Sunday, November 20, 2016

Dawning Light

What a week! I had wondered if the fear, grief and depression which followed the election would have abated somewhat by this weekend. Yet, it still remains but for many it has turned to activism. That sometimes takes the form of large protests but mostly it is in the small deeds of kindness and support.

This week the lectionary offers two choices of gospel passage. I read them both, the phrase that stayed with me was, “By the tender mercy of our God, the dawn from on high will break upon us, to give light to those who sit in darkness and in the shadow of death, to guide our feet into the way of peace” (Luke 1:78-79).

I particularly liked the phrase “the dawn from on high will break upon us”. It had a real Celtic feel about it. The reality of the cycle of life. After darkness there is always light. It is inevitable. The dawn will come. It is bigger than us, it is bigger than our lifespan.

As many of you know, part of our lifestyle is to start the day in the hot tub. We often watch the dawn arriving. We get into the tub in the dark (we don’t put lights on). As we sit and sip our morning cup of tea light starts to penetrate the darkness. It is not a sudden thing, there is not a moment when we switch from darkness to light. It is almost imperceptible. Trees start to become recognizable shapes, the outline of a deer can be made out, shadowy objects become garden furniture and the stars recede as light overtakes darkness.

For me, that picture really summed up the atmosphere of the last two weeks. The darkness has remained. Yet, I think now glimmers of light are starting to show through. These are the stories that are emerging of ordinary people helping and supporting those most at risk.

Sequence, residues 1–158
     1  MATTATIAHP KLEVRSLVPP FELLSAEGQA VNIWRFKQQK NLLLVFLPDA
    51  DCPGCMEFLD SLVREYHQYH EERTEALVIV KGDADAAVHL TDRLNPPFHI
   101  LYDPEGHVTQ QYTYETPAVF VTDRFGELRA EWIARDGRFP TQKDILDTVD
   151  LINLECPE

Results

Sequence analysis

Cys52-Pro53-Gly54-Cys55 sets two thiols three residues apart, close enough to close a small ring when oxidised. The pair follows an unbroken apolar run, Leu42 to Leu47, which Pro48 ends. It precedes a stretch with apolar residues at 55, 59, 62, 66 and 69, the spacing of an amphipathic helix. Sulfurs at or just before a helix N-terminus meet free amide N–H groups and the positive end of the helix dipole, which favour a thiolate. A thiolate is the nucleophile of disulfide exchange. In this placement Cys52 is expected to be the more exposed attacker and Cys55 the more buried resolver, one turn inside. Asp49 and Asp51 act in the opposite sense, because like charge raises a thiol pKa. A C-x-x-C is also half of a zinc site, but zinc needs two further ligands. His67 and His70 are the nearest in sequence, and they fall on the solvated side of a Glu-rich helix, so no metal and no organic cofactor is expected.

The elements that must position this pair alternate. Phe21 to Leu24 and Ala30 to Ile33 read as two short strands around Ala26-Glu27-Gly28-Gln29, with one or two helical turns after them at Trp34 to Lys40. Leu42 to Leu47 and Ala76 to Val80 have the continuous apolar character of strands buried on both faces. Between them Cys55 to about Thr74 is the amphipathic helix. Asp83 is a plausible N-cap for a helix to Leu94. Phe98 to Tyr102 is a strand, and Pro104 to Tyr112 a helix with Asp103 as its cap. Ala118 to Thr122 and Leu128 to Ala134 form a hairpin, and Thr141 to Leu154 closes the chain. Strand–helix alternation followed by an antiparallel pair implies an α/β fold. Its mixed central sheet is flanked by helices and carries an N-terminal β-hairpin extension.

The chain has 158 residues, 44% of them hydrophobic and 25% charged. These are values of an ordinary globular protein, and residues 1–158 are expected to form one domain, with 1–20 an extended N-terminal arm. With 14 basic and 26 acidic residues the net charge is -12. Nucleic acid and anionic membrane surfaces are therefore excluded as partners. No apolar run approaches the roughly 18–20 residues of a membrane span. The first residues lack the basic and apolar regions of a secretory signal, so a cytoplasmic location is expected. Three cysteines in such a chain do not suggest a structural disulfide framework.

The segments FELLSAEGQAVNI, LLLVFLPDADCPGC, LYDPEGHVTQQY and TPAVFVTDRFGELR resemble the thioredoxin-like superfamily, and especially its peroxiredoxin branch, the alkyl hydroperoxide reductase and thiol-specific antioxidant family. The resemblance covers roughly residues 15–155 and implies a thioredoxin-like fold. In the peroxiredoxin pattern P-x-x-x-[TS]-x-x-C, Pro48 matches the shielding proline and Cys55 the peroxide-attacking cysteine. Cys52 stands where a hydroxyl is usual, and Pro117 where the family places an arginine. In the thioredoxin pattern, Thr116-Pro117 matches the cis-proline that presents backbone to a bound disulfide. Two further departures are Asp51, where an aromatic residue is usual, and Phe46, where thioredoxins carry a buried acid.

I have read or been told many stories of people showing kindness to strangers. They are committed to making sure those in their immediate sphere are cared for and supported in the face of persecution. These are glimmers of light ushering in the dawn.

Others have been writing or phoning their political representatives. Their phone calls are not about fiscal policies or educational reforms but about the way human beings are being treated. They are to advocate for people who should be afforded protection by the country they live in. These, too, are glimmers of light.

Still others are supporting organisations which stand up for human rights. They are using their personal resources to help to ensure that legal protection will be available for those who need it. More glimmers of light.
I am sure that each person reading this could add a story about a glimmer of light.

Yet as I write this, things still feel fairly dark. The only thing I can be sure of is that the dawn will arrive. I have no idea how long it will take. I don’t know what energies will be expended in ushering it in. I don’t even know that it will get fully light in my lifetime. But ultimately light will overcome the darkness . . . it always does.

(Photographs: Dawn breaking over Broadkill Beach, Delaware. November 2015. © Jane Hall Fitz-Gibbon)

Tuesday, November 8, 2016

Trickery, Lies and Family!

The lectionary passage for this week is about Jesus, the Sadducees and the Pharisees. What an interesting passage to read two days before a presidential election that has been fraught with hatred and lies. Sadly, it shows that human nature hasn’t really changed over the centuries. All the teaching about respect, love, peace, harmony seem to fly out of the window when some-one doesn’t think the same or supports a different candidate. I wish it was otherwise.

At the time of this story there were two main religious sects, who also wielded political power, the Pharisees and the Sadducees.

The Sadducees were the more conservative party. They were a very strong political force at high level with lots of power. They believed in only the five books containing the law of Moses. They rejected all the later inclusions, for example the book Isaiah, so denied all later beliefs like resurrection, spirits, angels. These were thought by the Sadducees to be corruptions of the true faith. Spiritually for Sadducees everything focused around the temple.